Thursday 19 April 2018

€8.5m raised for Jobbio to finance its expansion

Dermot Desmond. Picture credit; Damien Eagers
Dermot Desmond. Picture credit; Damien Eagers
Adrian Weckler

Adrian Weckler

The Dublin online recruitment start-up Jobbio has raised €8.5m in a new funding round led by Dermot Desmond's investment vehicle, IIU.

The cash injection brings to €12.75m the sum raised by the company in the last 12 months as it expands into Britain, the US and Canada.

Jobbio was started by CEO Stephen Quinn and his brother John, a previous owner of the Champion Sports retail chain.

Desmond became an investor in the online business because "he sees it as a global play", said Stephen Quinn.

"Venture-backed businesses can be risky but clearly he can have a lot of influence on it with his contacts and international experience," said Quinn.

Other investors in the new round of funding include former telecoms executive Barry Maloney, who now runs the investment firm Balderton Capital.

No valuation has been disclosed as part of the process.

Jobbio works on a self-service subscription basis for companies, which pay at different tiers for access to different features. The company also has agreements in place with other global platforms, such as LinkedIn, Indeed and IDG, to make sure job postings reach millions of potential applicants.

It has 250,000 new jobseekers registering to use the system each month, said Quinn.

"By the end of the year, we should reach three million," adding that the growth in jobseeker registrations and corporate customers was now at "roughly" 20pc each month.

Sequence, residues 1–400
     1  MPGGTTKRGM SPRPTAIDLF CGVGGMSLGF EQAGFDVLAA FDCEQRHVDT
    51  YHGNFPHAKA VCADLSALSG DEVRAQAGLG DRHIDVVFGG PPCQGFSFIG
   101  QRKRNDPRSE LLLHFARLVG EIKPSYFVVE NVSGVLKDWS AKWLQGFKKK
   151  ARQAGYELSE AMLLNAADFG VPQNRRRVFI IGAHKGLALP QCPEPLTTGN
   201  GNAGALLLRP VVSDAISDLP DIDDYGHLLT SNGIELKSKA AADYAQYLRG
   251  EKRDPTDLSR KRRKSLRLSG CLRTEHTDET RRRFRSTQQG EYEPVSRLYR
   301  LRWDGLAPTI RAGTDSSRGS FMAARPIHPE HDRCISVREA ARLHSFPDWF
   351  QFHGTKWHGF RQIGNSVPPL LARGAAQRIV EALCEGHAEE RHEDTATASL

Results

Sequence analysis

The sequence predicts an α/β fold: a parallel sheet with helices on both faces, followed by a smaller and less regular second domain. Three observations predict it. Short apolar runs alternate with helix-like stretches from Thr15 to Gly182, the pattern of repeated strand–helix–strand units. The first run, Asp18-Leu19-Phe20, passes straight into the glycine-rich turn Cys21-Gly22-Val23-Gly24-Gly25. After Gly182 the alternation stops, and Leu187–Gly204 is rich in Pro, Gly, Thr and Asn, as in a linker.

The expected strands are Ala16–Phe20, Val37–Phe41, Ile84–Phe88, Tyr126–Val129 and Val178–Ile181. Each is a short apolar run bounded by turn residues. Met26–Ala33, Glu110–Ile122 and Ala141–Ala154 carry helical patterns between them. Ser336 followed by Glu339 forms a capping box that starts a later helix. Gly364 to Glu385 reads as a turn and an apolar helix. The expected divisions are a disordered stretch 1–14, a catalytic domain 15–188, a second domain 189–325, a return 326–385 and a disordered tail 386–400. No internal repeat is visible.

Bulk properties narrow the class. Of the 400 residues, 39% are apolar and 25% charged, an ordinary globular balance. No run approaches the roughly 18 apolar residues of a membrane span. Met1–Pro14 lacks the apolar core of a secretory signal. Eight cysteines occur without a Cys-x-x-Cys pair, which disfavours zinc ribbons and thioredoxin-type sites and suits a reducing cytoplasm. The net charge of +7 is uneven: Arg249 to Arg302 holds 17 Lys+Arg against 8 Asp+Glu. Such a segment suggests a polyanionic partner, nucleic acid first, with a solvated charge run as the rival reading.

Jobbio counts companies such as Intel, Shazam and Transferwise as part of its 6,000-strong compliment of corporate clients.

The service is taking off because of its ease of use and cheaper cost, said Quinn.

"Recruitment companies can charge you between 15pc and 30pc of a recruited candidate's first-year salary," he said. "Some recruitment sites charge up to €1,000 per post. Our subscriptions are a fraction of that."

Jobbio employs 60 people, most of whom work in its Dublin office.

However, it is expected to ramp up its New York office after signing a deal with the international co-working space company, WeWork, which is based in the 'Big Apple'.

"We did a global commercial deal with WeWork and they're now a major strategic partner," said Quinn. "We're going to create a joint marketplace together. They have 6,000 companies."

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